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While the rest of the economy stumbled or slumbered, 2010 was a banner year for the American renewable-energy business. Fueled by billions in tax incentives created by the economic stimulus package the year before, revenue for the manufacturers and installers of solar panels grew by an astonishing 67 percent, in the estimate of the industry’s trade association. And, after last year’s installation across the country of new turbines capable of generating 5,000 megawatts of power, the American Wind Energy Association felt comfortable declaring that air was now comparable to natural gas in cost-effectiveness at generating new electricity.
But sustaining that pace of growth in this year’s highly partisan, budget-focused Washington will require every ounce of lobbying acumen that the wind and solar sectors can muster.
The challenges are twofold. With long-term policies that would benefit carbon-free power sources — such as a cap-and-trade regime for greenhouse gas emissions or a national renewable-electricity mandate — politically out of reach for the immediate future, the wind and solar industries will focus on preserving the tax incentives on which they have long relied to attract investors. But as deficit fears have left more established sources — including oil, ethanol and nuclear — scrambling to defend their own subsidies, renewable-energy companies are keenly aware of the precarious circumstances they face.
The task is complicated by the ongoing political backlash against the 2009 stimulus, which has proven to be a double-edged sword for renewables. When he unveiled the fiscal policy blueprint that was later adopted by the House as an annual budget resolution, Republican Paul Ryan of Wisconsin derided the stimulus package energy spending as “expensive corporate welfare funding directed to the president’s allied industries.”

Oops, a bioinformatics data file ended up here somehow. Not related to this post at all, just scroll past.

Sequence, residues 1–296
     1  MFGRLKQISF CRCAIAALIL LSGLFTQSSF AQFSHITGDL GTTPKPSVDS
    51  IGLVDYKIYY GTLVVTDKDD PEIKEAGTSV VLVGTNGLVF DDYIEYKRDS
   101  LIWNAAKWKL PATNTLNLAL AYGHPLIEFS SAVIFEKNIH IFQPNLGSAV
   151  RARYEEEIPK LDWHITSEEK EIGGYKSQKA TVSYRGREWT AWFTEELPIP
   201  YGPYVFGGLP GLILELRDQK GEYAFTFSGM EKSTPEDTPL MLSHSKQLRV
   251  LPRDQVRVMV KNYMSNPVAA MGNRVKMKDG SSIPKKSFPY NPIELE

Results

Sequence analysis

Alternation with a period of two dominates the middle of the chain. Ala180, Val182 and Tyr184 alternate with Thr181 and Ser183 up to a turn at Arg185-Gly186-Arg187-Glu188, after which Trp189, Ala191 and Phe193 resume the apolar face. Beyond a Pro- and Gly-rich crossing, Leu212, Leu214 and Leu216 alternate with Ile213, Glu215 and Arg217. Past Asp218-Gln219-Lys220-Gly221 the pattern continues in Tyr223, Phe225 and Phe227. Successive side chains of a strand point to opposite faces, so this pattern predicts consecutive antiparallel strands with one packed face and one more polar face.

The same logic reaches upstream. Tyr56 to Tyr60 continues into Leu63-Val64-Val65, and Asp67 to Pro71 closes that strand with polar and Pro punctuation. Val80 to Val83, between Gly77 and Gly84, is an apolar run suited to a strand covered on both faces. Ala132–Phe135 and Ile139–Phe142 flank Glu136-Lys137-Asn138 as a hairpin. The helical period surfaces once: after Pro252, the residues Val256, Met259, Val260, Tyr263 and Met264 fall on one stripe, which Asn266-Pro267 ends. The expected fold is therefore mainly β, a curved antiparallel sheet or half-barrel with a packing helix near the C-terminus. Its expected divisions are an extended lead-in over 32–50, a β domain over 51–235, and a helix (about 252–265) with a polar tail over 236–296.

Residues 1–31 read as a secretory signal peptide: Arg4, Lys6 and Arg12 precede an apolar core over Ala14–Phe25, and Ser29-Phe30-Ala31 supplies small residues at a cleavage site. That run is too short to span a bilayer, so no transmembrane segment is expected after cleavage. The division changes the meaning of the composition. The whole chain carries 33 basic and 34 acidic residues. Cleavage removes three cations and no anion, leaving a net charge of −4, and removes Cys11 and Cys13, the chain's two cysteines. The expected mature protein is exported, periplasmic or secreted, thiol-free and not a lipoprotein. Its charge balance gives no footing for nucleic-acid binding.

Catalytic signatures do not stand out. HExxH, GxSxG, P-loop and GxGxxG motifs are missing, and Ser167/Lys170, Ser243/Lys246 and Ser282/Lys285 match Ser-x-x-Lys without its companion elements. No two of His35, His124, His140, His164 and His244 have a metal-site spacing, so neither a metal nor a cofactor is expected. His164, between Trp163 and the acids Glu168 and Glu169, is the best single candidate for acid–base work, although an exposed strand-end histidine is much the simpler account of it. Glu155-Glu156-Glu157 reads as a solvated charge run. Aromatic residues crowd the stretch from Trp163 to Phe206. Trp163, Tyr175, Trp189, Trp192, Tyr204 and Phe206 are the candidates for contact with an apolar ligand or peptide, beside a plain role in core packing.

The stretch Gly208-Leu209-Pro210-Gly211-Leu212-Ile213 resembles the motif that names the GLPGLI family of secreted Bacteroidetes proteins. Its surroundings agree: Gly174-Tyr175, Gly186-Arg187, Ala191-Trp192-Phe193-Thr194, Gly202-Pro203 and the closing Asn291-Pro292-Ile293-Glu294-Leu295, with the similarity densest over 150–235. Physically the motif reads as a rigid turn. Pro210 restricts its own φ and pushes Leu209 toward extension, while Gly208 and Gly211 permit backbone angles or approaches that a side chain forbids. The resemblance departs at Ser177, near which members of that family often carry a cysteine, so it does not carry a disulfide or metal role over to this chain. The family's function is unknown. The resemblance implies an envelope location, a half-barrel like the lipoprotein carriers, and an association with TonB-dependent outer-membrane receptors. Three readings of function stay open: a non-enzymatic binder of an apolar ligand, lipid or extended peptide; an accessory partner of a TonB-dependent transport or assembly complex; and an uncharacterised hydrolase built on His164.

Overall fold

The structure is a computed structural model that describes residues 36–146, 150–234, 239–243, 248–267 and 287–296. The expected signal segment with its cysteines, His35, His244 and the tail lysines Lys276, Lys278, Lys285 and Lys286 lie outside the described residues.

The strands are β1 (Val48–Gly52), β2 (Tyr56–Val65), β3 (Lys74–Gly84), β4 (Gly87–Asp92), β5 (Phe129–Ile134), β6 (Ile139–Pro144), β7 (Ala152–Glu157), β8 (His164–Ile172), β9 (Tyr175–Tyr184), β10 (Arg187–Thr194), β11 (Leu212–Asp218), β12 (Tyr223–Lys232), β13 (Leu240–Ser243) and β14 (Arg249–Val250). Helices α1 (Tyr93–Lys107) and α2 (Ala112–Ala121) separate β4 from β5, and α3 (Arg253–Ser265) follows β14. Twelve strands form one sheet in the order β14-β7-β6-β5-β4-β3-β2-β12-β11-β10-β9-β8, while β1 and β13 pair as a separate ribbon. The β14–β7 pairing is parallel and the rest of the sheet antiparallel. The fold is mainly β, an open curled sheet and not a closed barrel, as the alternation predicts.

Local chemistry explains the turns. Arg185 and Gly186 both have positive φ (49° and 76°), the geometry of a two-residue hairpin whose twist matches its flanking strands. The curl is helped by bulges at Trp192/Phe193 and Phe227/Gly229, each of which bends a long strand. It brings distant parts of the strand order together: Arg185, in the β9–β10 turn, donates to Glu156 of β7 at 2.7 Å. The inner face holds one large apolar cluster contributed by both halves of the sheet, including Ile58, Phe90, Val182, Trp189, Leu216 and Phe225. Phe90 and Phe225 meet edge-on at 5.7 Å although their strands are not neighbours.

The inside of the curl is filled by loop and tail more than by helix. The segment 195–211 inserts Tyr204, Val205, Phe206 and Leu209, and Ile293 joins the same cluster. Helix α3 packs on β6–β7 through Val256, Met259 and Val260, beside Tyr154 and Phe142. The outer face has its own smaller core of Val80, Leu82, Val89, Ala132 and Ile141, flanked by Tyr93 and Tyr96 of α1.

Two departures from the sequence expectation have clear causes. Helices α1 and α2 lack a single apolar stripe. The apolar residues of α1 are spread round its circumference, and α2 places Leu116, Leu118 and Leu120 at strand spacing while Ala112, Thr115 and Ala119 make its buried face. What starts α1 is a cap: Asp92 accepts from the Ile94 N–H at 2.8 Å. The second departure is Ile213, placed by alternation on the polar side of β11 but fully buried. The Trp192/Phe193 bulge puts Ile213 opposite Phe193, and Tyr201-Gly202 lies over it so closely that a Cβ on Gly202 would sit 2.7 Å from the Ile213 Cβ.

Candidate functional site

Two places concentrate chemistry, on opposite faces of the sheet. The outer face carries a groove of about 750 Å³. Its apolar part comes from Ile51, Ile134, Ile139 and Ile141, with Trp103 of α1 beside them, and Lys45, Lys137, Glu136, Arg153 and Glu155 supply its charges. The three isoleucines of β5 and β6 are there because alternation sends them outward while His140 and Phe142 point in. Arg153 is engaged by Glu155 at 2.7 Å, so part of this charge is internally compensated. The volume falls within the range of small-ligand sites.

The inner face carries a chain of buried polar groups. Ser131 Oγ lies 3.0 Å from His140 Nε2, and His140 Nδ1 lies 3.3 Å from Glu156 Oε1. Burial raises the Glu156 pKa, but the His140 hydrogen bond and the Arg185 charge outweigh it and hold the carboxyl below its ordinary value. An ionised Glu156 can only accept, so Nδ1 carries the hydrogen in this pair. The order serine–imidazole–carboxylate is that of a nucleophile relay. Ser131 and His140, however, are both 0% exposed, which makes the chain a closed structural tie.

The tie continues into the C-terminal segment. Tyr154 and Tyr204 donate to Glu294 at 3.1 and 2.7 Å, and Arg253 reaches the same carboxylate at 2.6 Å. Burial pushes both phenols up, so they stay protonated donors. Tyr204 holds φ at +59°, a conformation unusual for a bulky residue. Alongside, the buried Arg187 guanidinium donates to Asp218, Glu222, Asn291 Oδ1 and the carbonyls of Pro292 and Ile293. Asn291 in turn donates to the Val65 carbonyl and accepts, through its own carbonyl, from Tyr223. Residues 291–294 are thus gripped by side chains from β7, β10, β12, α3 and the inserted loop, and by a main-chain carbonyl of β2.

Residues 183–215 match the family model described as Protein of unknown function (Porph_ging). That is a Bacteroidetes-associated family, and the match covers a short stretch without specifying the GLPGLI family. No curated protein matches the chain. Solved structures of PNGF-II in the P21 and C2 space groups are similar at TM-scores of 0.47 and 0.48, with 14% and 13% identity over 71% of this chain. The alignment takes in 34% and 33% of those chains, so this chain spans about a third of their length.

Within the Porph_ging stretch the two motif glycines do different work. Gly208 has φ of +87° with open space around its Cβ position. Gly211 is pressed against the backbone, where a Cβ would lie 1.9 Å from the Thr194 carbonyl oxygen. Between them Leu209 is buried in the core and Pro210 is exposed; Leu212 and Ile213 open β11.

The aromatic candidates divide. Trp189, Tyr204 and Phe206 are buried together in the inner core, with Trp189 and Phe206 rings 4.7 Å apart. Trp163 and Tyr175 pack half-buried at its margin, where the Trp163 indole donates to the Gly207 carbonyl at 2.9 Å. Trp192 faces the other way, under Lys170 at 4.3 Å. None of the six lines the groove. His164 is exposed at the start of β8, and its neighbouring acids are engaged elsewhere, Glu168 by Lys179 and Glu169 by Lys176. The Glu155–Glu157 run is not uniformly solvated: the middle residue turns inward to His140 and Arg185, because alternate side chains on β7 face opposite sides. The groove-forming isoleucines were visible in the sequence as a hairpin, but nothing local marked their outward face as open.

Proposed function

To counter charges of political cronyism, wind and solar lobbyists have been emphasizing their industries’ job growth potential. “We’re not an issue that is owned by the Democrats or the White House,” said Rhone Resch, the president of the Solar Energy Industries Association. Solar now employs almost 100,000 workers — in 50 states — and has created more than 50 U.S. factories in the past 18 months, making it the nation’s fastest-growing industry. The wind industry says it has utility-scale projects operating in 38 states and more than 400 manufacturing facilities across 43 states.
But it remains to be seen whether that economic message will drown out the resounding chorus calling for deficit reduction. An early test will come later this year, when one of the stimulus programs that has powered growth in both sectors is scheduled to expire. In an acknowledgment of the new political reality, solar and wind are beefing up their lobbying and outreach efforts.
The solar industry group last month hired Manning Feraci as its top Washington lobbyist, touting his 14 years of experience as a House Republican aide working on the influential Ways and Means Committee. The wind energy association just snagged Maggie Lemmerman, an energy adviser for the British Embassy who had worked in the House for John Boozman of Arkansas, who’s now a freshman GOP senator on the Environment panel.